Statement №5: Russian cultural identity is a rival identity for those who are now in power in Ukraine and needs to be eliminated as such because the project of post-Euromaidan Ukraine can be characterised as “one (unitary) country, one nation, one (official) language, one (cultural) identity”.
When Ukrainian PM Arseny Yatsenyuk referred to people of Eastern Ukraine as ‘subhumans‘ (which was later changed to ‘inhumans‘) that doesn’t necessarily mean he hated them: ‘nothing personal, just politics’. I’m not trying to excuse or demonize Yatsenyuk. In fact, it’s not him. It’s the IDENTITY talking – to be more precise, the Western Ukrainian identity with anti-Russian sentiment being embedded in the code of this identity. The sentiment is in the ‘identity program’. In other words, Euromaidan identity (as a modern form of Western Ukrainian identity) manifests itself through its anti-Russianness.
The Western Ukrainian identity has its own pantheon of heroes including Nazi collaborators Stepan Bandera and Roman Shukhevich, etc. In 2010 then-current Ukrainian President Viktor Yushchenko awarded Bandera the title of “Hero of Ukraine” (later it was revoked). It’s no surprise that there’s a large amount of monuments in Ukraine to Stepan Bandera. A popular saying in Ukraine goes, “Bandera will come and restore order”. A Ukrainian nationalist slogan “Glory to Ukraine! Glory to the heroes!” became “a Ukrainian greeting slogan and popular unofficial motto”.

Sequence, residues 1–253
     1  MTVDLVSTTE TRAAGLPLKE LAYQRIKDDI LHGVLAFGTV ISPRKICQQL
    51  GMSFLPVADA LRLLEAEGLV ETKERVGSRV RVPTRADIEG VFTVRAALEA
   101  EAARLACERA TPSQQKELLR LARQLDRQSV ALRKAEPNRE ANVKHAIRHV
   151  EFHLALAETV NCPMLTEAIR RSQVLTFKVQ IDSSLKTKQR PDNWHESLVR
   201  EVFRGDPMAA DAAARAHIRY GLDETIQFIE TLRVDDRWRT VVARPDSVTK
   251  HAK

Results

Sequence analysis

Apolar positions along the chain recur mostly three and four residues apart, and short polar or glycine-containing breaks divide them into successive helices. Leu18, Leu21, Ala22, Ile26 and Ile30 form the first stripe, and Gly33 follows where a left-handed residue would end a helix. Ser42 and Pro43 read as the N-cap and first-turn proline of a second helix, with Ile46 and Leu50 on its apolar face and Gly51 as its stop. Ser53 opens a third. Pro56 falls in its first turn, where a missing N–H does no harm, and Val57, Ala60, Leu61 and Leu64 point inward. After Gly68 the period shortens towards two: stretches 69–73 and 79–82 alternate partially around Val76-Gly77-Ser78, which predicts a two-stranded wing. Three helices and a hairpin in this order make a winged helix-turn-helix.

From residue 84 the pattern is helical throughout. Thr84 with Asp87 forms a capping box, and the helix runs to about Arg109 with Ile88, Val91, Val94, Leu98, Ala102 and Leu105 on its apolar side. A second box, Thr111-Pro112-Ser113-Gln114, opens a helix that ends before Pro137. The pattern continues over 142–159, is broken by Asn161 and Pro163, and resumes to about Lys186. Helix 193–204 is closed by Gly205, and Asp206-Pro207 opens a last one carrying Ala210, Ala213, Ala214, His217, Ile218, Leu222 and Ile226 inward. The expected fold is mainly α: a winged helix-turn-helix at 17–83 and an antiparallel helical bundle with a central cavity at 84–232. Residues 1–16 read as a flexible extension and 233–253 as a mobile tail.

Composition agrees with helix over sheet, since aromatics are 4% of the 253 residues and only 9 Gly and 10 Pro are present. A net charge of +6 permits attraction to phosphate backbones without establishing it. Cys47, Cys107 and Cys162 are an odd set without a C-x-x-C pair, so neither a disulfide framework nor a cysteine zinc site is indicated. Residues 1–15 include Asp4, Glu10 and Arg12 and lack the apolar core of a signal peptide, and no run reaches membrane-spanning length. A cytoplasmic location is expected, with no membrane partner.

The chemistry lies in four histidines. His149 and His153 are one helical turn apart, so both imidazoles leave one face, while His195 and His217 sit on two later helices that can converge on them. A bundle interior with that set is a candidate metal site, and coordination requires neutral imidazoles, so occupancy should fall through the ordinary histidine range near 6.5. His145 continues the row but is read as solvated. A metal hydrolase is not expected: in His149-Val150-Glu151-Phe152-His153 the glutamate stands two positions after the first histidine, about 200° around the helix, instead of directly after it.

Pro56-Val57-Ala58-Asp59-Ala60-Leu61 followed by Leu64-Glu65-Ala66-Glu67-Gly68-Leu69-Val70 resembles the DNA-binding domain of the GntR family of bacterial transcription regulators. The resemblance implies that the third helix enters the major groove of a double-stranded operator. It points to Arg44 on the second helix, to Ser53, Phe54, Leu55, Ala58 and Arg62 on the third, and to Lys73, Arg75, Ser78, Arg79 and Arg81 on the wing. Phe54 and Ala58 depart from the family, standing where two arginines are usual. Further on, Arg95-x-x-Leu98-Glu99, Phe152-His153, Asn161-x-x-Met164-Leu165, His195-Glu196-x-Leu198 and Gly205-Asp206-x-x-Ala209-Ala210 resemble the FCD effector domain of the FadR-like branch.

c) Civil War in Ukraine & Identity Politics.
The Wikipedia definition of Civil War helps to show the dynamics behind the Civil War in Eastern Ukraine: ethnic Russians and Russian speaking Ukrainians who joined the self-defense forces of Donetsk and Lugansk People’s Republics modified their demands from ‘changing government policies‘ (from ‘official status of Russian language’ and ‘federalization’) to ‘taking control of the country or a region‘ (i.e. ‘secession’ and ‘independence’).
Statement №6: the Russian Spring movement can be viewed as identity politics of the Russian minority in Ukraine as well as those ethnic Ukrainians who culturally identify as Russian. Identity conflict is the engine behind the Civil War in Ukraine. It’s not (purely) an ethnic conflict and cannot be limited to it because it’s all about identity and loyalty to the chosen identity.
Moreover, this war also is going on in hearts and minds of people in Russia.
Ultimately, it is a war of rival identities which can be simply expressed in terms of following binary oppositions:
- Euromaidan vs Russian Spring;
- Ukrainian Identity and nation building vs (Novo)Russian Identity and nation building;
- West Ukrainian (Euromaidan) identity vs Russian (Novorussian) identity.